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Friday, Jan. 21, 2011

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All the young dudes: Okamoto's take their band name and surnames from avant-garde artist Taro Okamoto. From left to right: Hama, Reiji, Sho and Koki Okamoto.

Okamoto's plot new album release before summer


Special to The Japan Times

After being courted by record labels while still in high school in Tokyo, inking a deal with Sony subsidiary Ariola Japan was an easy decision for Okamoto's.

"We signed with Ariola because we thought their logo looked cool," says vocalist Sho Okamoto.

While an emblem's design is unlikely to sway more seasoned players, the members of the garage-rock quartet, who are now 19 and 20 years old, seem to have made the right choice.

The group first performed together in 2007. Their motivation for starting a band was simple — they wanted to play some songs at their high school's bunkasai (cultural festival). Excited by the positive response to their set, they tried their luck at proper live venues and were soon gigging regularly in clubs around Tokyo.

Fans of avant-garde artist Taro Okamoto, and inspired by U.S. punk icons the Ramones, the four friends all swapped their own surnames for Okamoto's, becoming known on stage as Sho Okamoto, Koki Okamoto (guitar), Hama Okamoto (bass) and Reiji Okamoto (drummer). This also made Okamoto's the most logical choice for a band name, with the possessive "s" paying homage to the surname's proper owner.

"How Taro lived his life was really inspirational, so we thought it would be cool to use that name," says Sho. "Some people in Japan and other places were able to recognize our name when we began because of Taro Okamoto."

Performing an impressive 100 concerts in 2009 prepared Okamoto's for a hectic 2010 that saw the group releasing two full-lengths and showcasing their 1960s and '70s throwback anthems internationally in the United States, Australia and Hong Kong. They learned early on the importance of a "go with the flow" mindset when touring abroad.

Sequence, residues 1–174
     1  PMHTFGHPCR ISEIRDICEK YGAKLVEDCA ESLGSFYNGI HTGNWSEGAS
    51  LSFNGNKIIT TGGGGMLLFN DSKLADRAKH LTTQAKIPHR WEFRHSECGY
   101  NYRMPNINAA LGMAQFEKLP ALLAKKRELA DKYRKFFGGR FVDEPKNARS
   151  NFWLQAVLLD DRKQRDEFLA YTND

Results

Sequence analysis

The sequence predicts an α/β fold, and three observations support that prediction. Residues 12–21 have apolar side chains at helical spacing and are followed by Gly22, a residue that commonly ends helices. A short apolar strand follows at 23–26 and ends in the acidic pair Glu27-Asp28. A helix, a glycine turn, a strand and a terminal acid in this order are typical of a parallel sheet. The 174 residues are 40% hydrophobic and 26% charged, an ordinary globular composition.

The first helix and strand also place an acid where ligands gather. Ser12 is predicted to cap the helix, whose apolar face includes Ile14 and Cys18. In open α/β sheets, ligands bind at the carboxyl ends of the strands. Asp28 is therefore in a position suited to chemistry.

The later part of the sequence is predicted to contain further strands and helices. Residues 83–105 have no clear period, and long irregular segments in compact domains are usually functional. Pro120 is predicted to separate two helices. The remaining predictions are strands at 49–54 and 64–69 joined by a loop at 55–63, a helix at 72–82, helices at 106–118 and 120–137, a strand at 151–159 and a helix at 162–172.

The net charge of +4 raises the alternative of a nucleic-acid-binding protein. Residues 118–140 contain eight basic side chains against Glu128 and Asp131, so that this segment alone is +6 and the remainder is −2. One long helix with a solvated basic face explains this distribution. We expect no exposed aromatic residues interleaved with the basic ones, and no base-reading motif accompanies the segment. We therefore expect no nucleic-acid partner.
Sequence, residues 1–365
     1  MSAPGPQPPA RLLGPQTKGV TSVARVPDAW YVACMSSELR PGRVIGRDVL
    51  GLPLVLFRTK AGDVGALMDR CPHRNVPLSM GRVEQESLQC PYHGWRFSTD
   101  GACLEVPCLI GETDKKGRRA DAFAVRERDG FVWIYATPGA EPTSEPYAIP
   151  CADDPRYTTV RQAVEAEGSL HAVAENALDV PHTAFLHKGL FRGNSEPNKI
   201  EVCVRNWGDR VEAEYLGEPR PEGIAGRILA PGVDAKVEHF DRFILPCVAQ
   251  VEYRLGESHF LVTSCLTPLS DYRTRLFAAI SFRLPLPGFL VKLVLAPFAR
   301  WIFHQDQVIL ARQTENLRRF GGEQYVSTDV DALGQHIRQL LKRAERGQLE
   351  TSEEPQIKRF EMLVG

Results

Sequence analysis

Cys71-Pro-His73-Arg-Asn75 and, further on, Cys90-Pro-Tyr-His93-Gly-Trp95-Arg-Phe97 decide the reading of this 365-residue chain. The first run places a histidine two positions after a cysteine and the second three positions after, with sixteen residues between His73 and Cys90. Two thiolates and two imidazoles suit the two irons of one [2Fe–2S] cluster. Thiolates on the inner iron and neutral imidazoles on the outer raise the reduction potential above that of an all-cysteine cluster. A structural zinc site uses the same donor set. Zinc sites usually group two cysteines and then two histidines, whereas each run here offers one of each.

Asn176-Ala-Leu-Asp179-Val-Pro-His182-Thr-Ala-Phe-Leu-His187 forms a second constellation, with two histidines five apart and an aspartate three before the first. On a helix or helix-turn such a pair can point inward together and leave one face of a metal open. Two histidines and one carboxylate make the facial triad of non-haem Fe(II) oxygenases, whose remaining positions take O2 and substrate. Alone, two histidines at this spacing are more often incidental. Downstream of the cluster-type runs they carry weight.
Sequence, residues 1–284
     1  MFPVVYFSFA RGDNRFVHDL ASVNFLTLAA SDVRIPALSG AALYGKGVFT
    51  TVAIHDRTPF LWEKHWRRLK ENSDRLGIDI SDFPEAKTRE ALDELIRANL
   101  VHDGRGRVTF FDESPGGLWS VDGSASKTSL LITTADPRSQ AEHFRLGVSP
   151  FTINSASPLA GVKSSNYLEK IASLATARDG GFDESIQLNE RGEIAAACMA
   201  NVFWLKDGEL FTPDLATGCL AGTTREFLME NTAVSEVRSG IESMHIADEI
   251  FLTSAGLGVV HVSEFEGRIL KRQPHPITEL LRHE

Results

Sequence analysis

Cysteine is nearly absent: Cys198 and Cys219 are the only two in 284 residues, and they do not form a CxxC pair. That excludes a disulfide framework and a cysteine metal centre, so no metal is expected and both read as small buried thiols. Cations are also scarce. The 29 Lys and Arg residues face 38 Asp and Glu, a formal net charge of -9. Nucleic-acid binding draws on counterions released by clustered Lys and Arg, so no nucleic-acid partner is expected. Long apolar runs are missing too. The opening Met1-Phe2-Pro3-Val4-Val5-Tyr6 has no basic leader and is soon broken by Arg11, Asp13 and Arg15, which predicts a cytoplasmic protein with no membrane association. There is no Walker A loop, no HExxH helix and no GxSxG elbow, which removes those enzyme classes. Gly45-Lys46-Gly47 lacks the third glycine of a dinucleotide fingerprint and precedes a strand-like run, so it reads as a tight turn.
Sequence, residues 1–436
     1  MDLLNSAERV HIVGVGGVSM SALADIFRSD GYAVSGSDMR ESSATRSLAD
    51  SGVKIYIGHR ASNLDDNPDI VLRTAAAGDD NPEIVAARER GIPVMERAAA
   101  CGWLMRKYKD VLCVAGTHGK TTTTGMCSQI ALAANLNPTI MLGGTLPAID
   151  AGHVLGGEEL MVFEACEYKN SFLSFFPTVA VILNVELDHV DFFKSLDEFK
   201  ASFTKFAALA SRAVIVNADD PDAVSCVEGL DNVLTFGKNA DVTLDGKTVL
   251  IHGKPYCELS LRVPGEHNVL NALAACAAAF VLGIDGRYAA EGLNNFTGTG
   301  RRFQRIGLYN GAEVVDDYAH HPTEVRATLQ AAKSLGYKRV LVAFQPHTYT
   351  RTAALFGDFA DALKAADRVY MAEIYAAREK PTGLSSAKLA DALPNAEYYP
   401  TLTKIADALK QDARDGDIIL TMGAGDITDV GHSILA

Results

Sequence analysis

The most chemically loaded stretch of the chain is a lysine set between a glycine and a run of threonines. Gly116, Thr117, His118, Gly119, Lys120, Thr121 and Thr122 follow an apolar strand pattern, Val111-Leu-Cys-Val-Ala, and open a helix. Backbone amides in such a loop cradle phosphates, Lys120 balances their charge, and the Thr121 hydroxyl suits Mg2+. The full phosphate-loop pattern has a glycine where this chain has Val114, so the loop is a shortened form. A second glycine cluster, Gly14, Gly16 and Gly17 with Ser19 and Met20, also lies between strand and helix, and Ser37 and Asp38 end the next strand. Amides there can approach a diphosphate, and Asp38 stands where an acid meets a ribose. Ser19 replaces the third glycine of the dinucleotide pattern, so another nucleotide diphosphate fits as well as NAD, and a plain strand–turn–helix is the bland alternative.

"Our first U.S. show was at a place in Texas that had a goat pen with an actual goat in it next to the stage," says Sho about a gig at prestigious industry showcase South By Southwest. "We all grew up in the city, so we were pretty surprised. Then we laughed and said, 'Wow, we really are in Texas!' I think the goat liked our music because it was bleating along."

Okamoto's issued their "10's" major-label debut in May and "Okamoto's ni Muchu" ("Crazy About Okamoto's") sophomore effort in November. Both offer solid helpings of upbeat bluesy, psych-tinged original tracks along with covers of classic cuts from the likes of The Who and Aerosmith. The band intend to release another new disc before the summer.

"Our plan from the beginning was to put out three albums in the span of one year," says Sho. "Acts in the 1960s put out music quickly, so we wanted to try it, too. Also, because we are getting so much experience, we don't want to wait so long between making albums."

With Sho, Koki and Hama currently enrolled in university, finding time for writing and recording while performing regularly has been a challenge. Their abundant supply of youthful energy, which Sho admits some older bands envy, helps Okamoto's somehow squeeze everything into their busy schedules.

"Our goal is to be the best band in the world," says Sho. "First we've got to become the best in Japan, though. We're trying to do everything that we can now to make this happen."

Okamoto's play at Heaven's Rock in Saitama on Jan. 22; at Drum Be-9 in Kumamoto on Feb. 5; at Drum Be-1 in Fukuoka on Feb. 6; at Drum Be-0 in Oita on Feb. 8; at Drum Be-7 in Nagasaki on Feb. 9; at Namiki Junction in Hiroshima on Feb. 11; at Star Club in Kobe on Feb. 13; at Macana in Sendai on Feb. 18; at Bessie Hall in Sapporo on Feb. 20; at Live house J in Nagano on March 5; at Dime in Takamatsu on March 11; at X-pt. in Kochi on March 12; at Club Upset in Nagoya on April 16; at Shangri-La in Osaka on April 17; at Liquidroom in Ebisu, Tokyo, on April 22. Tickets for all shows cost ¥2,500 in advance. For more information, visit www.okamotos.net.

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